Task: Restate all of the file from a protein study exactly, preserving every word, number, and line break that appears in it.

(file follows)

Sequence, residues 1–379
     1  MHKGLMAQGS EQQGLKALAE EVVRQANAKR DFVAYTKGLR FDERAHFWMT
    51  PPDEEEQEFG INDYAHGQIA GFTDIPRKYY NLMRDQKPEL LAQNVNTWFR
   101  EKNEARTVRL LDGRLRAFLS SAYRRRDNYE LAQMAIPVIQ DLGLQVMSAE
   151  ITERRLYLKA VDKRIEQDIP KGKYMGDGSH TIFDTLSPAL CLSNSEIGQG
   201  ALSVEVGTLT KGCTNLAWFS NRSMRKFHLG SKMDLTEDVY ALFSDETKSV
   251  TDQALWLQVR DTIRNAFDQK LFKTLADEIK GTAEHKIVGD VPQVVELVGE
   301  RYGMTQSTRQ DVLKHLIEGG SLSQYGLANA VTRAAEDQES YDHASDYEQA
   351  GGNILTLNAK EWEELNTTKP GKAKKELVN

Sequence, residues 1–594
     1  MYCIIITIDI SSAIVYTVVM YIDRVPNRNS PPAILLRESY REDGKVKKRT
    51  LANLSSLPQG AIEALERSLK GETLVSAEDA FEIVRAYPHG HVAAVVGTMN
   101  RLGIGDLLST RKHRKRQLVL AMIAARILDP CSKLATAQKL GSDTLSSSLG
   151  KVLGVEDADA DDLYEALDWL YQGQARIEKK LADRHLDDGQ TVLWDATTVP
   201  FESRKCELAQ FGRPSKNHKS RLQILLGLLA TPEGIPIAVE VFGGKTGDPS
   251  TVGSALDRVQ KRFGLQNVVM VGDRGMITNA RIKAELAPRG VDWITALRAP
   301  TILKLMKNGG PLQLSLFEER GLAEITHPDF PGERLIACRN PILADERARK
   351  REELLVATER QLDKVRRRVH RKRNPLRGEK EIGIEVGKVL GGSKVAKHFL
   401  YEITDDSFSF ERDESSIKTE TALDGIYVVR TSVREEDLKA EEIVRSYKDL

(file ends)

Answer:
Sequence, residues 1–379
     1  MHKGLMAQGS EQQGLKALAE EVVRQANAKR DFVAYTKGLR FDERAHFWMT
    51  PPDEEEQEFG INDYAHGQIA GFTDIPRKYY NLMRDQKPEL LAQNVNTWFR
   101  EKNEARTVRL LDGRLRAFLS SAYRRRDNYE LAQMAIPVIQ DLGLQVMSAE
   151  ITERRLYLKA VDKRIEQDIP KGKYMGDGSH TIFDTLSPAL CLSNSEIGQG
   201  ALSVEVGTLT KGCTNLAWFS NRSMRKFHLG SKMDLTEDVY ALFSDETKSV
   251  TDQALWLQVR DTIRNAFDQK LFKTLADEIK GTAEHKIVGD VPQVVELVGE
   301  RYGMTQSTRQ DVLKHLIEGG SLSQYGLANA VTRAAEDQES YDHASDYEQA
   351  GGNILTLNAK EWEELNTTKP GKAKKELVN

Sequence, residues 1–594
     1  MYCIIITIDI SSAIVYTVVM YIDRVPNRNS PPAILLRESY REDGKVKKRT
    51  LANLSSLPQG AIEALERSLK GETLVSAEDA FEIVRAYPHG HVAAVVGTMN
   101  RLGIGDLLST RKHRKRQLVL AMIAARILDP CSKLATAQKL GSDTLSSSLG
   151  KVLGVEDADA DDLYEALDWL YQGQARIEKK LADRHLDDGQ TVLWDATTVP
   201  FESRKCELAQ FGRPSKNHKS RLQILLGLLA TPEGIPIAVE VFGGKTGDPS
   251  TVGSALDRVQ KRFGLQNVVM VGDRGMITNA RIKAELAPRG VDWITALRAP
   301  TILKLMKNGG PLQLSLFEER GLAEITHPDF PGERLIACRN PILADERARK
   351  REELLVATER QLDKVRRRVH RKRNPLRGEK EIGIEVGKVL GGSKVAKHFL
   401  YEITDDSFSF ERDESSIKTE TALDGIYVVR TSVREEDLKA EEIVRSYKDL